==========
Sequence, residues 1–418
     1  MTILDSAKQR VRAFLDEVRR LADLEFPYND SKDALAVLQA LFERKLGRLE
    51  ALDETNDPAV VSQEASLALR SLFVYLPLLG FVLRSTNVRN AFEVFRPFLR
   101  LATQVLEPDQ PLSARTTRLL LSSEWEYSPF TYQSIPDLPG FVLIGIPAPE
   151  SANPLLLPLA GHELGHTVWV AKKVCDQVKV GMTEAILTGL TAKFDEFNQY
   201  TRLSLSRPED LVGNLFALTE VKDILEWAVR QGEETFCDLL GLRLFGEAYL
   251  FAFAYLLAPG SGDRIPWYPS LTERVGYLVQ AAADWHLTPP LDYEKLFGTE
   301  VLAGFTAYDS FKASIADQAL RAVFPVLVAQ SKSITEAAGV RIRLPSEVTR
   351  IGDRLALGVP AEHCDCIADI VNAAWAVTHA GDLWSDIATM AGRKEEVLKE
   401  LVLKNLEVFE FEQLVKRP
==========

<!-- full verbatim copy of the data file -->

Sequence, residues 1–418
     1  MTILDSAKQR VRAFLDEVRR LADLEFPYND SKDALAVLQA LFERKLGRLE
    51  ALDETNDPAV VSQEASLALR SLFVYLPLLG FVLRSTNVRN AFEVFRPFLR
   101  LATQVLEPDQ PLSARTTRLL LSSEWEYSPF TYQSIPDLPG FVLIGIPAPE
   151  SANPLLLPLA GHELGHTVWV AKKVCDQVKV GMTEAILTGL TAKFDEFNQY
   201  TRLSLSRPED LVGNLFALTE VKDILEWAVR QGEETFCDLL GLRLFGEAYL
   251  FAFAYLLAPG SGDRIPWYPS LTERVGYLVQ AAADWHLTPP LDYEKLFGTE
   301  VLAGFTAYDS FKASIADQAL RAVFPVLVAQ SKSITEAAGV RIRLPSEVTR
   351  IGDRLALGVP AEHCDCIADI VNAAWAVTHA GDLWSDIATM AGRKEEVLKE
   401  LVLKNLEVFE FEQLVKRP